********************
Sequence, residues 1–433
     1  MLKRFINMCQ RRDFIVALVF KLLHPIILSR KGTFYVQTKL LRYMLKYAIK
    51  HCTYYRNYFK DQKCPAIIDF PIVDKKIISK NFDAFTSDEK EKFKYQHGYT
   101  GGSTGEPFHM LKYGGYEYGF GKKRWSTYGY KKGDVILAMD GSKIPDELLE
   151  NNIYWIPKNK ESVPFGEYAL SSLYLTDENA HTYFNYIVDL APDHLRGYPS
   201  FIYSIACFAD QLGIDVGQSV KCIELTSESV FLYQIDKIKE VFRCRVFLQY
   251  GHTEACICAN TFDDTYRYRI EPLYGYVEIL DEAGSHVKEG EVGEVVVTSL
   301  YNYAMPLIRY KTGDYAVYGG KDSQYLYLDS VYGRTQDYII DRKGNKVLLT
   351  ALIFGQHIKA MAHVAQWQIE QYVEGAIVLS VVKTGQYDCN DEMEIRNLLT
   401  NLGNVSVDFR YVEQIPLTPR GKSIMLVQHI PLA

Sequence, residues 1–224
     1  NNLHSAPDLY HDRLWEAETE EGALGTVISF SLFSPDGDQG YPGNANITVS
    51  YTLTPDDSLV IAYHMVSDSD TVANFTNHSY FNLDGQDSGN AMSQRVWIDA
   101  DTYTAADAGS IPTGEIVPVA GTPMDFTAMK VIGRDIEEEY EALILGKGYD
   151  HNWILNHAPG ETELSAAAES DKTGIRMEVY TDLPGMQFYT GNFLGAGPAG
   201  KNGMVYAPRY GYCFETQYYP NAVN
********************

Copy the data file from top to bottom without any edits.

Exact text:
Sequence, residues 1–433
     1  MLKRFINMCQ RRDFIVALVF KLLHPIILSR KGTFYVQTKL LRYMLKYAIK
    51  HCTYYRNYFK DQKCPAIIDF PIVDKKIISK NFDAFTSDEK EKFKYQHGYT
   101  GGSTGEPFHM LKYGGYEYGF GKKRWSTYGY KKGDVILAMD GSKIPDELLE
   151  NNIYWIPKNK ESVPFGEYAL SSLYLTDENA HTYFNYIVDL APDHLRGYPS
   201  FIYSIACFAD QLGIDVGQSV KCIELTSESV FLYQIDKIKE VFRCRVFLQY
   251  GHTEACICAN TFDDTYRYRI EPLYGYVEIL DEAGSHVKEG EVGEVVVTSL
   301  YNYAMPLIRY KTGDYAVYGG KDSQYLYLDS VYGRTQDYII DRKGNKVLLT
   351  ALIFGQHIKA MAHVAQWQIE QYVEGAIVLS VVKTGQYDCN DEMEIRNLLT
   401  NLGNVSVDFR YVEQIPLTPR GKSIMLVQHI PLA

Sequence, residues 1–224
     1  NNLHSAPDLY HDRLWEAETE EGALGTVISF SLFSPDGDQG YPGNANITVS
    51  YTLTPDDSLV IAYHMVSDSD TVANFTNHSY FNLDGQDSGN AMSQRVWIDA
   101  DTYTAADAGS IPTGEIVPVA GTPMDFTAMK VIGRDIEEEY EALILGKGYD
   151  HNWILNHAPG ETELSAAAES DKTGIRMEVY TDLPGMQFYT GNFLGAGPAG
   201  KNGMVYAPRY GYCFETQYYP NAVN